Half of enterprises ill-prepared for inside attack, study

IT security decision-makers believe the tools intended to guard their email systems are inadequate to mitigate today's cyberthreats.
IT security decision-makers believe the tools intended to guard their email systems are inadequate to mitigate today's cyberthreats.

Nearly half of enterprises queried for a new survey were found to be ill-equipped to deal with threats from insiders.

The just-released study from security vendor Mimecast also found that 90 percent of organizations are aware that insiders pose a significant threat to their business.

The "Mimecast Business Email Threat Report: Email Security Uncovered" found that more than two-thirds of IT security decision-makers worldwide believe the security tools intended to guard their email systems are inadequate to mitigate today's cyberthreats. Further, the results point to malicious insiders as a significant source of concern around security implementations. Six hundred IT security managers worldwide were queried for the study.

Mimecast tips for safeguarding against malicious insiders 

Assign role-based permissions to administrators to better control access to key systems and limit the ability of a malicious insider to act.

Implement internal safeguards and data exfiltration control to detect and mitigate the risk of malicious insiders when they do strike. 

Offer creative employee security training programs that deter potential malicious insiders in the first place and help others to spot the signs. Then, back that up with processes to act swiftly in the event of an attack. 

Nurture a culture of communication within teams to help employees watch out for each other.

Train your leadership to communicate with employees to ensure open communication and awareness.

Because most enterprises place the predominance of tools and strategies at the perimeter defense, less attention is given to the threats that arise from employees, the study found. This points to a real need for increased employee awareness and education, as well as implementing "a cyber resilience strategy that includes both technology- and human-based defenses."

The study also determined that 53 percent of IT security decision-makers view malicious insiders as a moderate or high threat to their organization, while one in seven view malicious insiders as their number one threat.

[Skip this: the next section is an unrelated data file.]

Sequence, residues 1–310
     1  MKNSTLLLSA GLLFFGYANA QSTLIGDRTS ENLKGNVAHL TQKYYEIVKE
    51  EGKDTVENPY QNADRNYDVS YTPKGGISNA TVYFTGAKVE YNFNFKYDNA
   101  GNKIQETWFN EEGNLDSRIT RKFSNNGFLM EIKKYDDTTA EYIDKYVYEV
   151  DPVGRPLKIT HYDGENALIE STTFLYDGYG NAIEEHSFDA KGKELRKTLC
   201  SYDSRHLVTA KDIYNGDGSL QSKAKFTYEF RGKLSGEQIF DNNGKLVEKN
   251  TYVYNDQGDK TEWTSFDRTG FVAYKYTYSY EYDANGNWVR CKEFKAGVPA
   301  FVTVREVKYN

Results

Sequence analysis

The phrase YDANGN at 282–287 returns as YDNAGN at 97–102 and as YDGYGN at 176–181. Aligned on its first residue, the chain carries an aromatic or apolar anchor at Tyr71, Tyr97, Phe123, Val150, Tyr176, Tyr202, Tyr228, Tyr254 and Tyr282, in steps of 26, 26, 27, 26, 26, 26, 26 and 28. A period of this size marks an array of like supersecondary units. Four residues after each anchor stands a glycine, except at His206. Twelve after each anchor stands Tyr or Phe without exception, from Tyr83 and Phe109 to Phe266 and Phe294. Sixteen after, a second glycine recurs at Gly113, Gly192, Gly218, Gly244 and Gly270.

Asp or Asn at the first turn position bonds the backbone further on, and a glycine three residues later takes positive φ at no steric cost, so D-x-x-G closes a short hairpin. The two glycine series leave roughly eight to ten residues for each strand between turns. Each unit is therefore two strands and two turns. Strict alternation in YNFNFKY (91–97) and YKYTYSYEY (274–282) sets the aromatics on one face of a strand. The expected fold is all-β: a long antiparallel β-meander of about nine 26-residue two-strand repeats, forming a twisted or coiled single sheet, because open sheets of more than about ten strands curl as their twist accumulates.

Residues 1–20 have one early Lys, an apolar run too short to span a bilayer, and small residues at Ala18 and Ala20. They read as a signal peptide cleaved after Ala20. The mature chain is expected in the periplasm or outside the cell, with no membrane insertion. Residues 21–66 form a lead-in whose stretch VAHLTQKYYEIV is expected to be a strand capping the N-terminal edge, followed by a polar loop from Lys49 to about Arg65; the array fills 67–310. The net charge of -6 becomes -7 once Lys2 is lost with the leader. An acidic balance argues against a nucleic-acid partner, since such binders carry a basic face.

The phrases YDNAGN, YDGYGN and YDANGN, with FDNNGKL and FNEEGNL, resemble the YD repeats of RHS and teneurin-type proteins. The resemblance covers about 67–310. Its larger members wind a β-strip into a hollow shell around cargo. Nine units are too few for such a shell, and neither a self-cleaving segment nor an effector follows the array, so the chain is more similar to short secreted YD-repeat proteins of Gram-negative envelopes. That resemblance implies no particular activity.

Additionally, believing the enterprise is well-equipped with tools to mitigate potential cyberthreats does not equate to preparedness against malicious insiders: Virtually the same percentage of those surveyed indicated that the risk of malicious insiders trumps perceptions of security confidence.

“Today, most IT security defenses are set up to defend against external attackers, be they cybercriminals in search of money, nation-states pursuing strategic advantage, or hacktivists with a politically driven agenda," Matthew Gardiner, cybersecurity strategist at Mimecast, told SCMagazine.com in an email on Wednesday. "And, this allocation of resources does make some sense, as most attacks do come from outside the organization – but not all."

Attacks also come from the inside, Gardiner said. And, he added, these attacks, when originated by trusted insiders, have proven to be extremely damaging.

"In order to minimize the backlash of a malicious insider attack, security programs need to be based in reality," he wrote. "You need to honestly assess both the trustworthiness of your insiders, the amount of damage they could reasonably do if they had both the motivation and opportunity, and how much security controls can be applied given the culture and practices of the organization."

Reasonable and cost-effective controls for malicious insiders need to be put in place to reduce the business risk to an acceptable level, Gardiner wrote.
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